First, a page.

Kelly said he was “preoccupied” and “somewhat agitated” by the question of why officials did not accept that document, and questioned “what more” Djokovic could have done to prove the validity of his medical exemption.

“That [medical exemption] document was in the hands of the delegate [who cancelled his visa],” Kelly said. “The point I’m somewhat agitated about is: what more could this man [Djokovic] have done?”


Djokovic’s medical exemption was reportedly based on the fact that he recently had COVID-19. ​​In court, the Australian government submitted that recent infection alone was not sufficient to qualify for a medical exemption, and further noted that the evidence indicated Djokovic “has recovered” and is therefore not entitled to one.

The tennis player touched down in Melbourne on Wednesday night with a medical exemption to participate in the Australian Open— despite the tournament’s strict vaccine mandates and Djokovic’s refusal to reveal whether he is inoculated against COVID-19. After being questioned by border officials, however, the 34-year-old, 20-time grand slam winner had his visa cancelled and was taken on Thursday morning to the Park Hotel in Melbourne’s central business district, where he was isolated and quarantined until his lawyers could appeal his deportation.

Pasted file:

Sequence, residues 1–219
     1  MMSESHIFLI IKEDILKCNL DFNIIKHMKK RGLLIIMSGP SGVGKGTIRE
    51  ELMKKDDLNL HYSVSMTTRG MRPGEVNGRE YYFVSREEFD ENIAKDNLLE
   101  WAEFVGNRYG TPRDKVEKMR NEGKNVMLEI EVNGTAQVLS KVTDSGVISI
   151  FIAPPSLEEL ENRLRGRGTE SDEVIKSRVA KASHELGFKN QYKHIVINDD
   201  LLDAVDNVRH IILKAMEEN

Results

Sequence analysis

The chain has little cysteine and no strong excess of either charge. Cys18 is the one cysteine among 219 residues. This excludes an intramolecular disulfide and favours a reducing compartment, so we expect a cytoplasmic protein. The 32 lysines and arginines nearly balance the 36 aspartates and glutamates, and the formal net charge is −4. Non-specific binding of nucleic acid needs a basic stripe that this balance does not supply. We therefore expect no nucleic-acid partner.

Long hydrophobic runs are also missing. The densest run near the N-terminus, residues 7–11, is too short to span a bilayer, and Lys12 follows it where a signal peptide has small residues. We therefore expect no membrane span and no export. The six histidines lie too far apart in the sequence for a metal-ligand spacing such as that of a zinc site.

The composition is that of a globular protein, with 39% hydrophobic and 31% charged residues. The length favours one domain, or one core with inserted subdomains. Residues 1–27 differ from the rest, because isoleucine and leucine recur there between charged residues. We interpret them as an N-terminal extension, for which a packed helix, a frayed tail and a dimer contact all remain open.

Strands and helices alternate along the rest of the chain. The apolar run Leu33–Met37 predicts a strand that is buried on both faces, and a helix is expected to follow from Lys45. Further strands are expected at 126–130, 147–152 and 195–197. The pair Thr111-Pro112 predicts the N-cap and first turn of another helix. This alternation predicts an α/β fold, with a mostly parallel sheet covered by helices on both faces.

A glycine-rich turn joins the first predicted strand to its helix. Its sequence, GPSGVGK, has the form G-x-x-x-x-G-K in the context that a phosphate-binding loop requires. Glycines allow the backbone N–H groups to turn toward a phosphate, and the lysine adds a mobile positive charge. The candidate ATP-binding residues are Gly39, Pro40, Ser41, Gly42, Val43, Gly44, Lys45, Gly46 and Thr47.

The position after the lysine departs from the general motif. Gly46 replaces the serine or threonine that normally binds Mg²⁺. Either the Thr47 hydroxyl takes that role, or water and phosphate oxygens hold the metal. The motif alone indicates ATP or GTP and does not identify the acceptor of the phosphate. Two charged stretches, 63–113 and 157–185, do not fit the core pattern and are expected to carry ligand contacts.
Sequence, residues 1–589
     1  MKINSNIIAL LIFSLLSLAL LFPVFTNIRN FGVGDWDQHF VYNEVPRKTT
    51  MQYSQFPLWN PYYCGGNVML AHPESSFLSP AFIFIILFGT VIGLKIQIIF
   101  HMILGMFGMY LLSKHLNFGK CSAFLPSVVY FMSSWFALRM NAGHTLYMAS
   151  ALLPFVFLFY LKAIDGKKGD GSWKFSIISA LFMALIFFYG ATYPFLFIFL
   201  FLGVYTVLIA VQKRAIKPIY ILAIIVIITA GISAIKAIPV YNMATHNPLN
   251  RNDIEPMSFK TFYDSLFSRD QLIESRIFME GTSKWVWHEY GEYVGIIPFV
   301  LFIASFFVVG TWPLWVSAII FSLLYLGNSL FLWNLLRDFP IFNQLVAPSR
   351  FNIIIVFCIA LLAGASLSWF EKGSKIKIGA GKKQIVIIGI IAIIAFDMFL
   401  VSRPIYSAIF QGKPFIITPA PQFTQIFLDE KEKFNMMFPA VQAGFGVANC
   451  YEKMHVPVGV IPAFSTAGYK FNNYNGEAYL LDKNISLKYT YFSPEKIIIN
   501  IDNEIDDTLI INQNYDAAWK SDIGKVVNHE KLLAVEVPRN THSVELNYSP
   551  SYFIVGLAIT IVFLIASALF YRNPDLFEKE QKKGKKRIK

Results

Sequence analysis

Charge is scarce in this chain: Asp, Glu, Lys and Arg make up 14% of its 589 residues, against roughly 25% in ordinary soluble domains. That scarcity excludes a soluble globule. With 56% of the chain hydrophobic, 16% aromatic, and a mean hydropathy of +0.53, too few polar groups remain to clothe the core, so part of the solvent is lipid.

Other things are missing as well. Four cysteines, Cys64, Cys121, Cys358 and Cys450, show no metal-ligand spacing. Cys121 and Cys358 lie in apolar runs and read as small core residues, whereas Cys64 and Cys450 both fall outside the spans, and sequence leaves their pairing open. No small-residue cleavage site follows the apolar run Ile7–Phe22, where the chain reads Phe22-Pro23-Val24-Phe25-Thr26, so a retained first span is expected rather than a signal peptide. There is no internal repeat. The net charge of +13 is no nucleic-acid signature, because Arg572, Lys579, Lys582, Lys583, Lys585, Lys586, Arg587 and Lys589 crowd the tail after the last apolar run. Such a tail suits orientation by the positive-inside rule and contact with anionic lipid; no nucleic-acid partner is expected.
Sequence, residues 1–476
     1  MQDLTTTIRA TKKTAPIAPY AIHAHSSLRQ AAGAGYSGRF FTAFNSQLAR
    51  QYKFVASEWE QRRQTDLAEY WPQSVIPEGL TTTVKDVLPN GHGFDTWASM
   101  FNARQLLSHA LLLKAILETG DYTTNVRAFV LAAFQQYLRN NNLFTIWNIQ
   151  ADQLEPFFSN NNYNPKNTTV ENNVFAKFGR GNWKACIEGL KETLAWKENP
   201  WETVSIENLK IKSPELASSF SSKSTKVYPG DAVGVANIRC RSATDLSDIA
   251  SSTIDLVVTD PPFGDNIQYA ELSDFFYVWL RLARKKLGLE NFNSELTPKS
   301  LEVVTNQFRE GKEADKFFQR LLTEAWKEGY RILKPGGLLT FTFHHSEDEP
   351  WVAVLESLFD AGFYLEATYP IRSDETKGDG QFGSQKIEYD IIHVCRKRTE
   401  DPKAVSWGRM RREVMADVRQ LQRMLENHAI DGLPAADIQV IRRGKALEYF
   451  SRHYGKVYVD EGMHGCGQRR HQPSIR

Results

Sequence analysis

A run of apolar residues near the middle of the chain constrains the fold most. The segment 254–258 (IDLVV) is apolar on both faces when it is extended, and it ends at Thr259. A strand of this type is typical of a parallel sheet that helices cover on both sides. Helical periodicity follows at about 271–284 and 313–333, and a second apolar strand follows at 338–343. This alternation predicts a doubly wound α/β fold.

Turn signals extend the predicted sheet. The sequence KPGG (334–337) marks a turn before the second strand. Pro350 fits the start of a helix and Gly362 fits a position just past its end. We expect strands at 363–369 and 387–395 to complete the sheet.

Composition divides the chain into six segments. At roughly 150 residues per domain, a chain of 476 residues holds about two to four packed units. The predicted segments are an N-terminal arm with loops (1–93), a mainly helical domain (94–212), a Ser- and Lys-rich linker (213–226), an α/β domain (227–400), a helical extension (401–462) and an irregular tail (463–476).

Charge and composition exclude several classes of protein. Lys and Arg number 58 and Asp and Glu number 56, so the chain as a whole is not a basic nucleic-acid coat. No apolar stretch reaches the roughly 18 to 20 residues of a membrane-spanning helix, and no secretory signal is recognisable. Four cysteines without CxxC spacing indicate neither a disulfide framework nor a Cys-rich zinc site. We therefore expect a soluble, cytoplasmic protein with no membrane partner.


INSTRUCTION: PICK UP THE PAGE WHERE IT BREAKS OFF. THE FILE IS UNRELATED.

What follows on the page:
After the decision was announced, fans of the athlete celebrated Djokovic’s court victory, waving Serbian flags and dancing on the streets outside the federal circuit court.

The ongoing saga has become the subject of fierce international attention and controversy. Djokovic has been under the spotlight over the last few days, but he isn’t the only member of his family who has garnered attention. His father, Srdjan, has drawn criticism over sensational comments in which he compared his son to Spartacus and Jesus.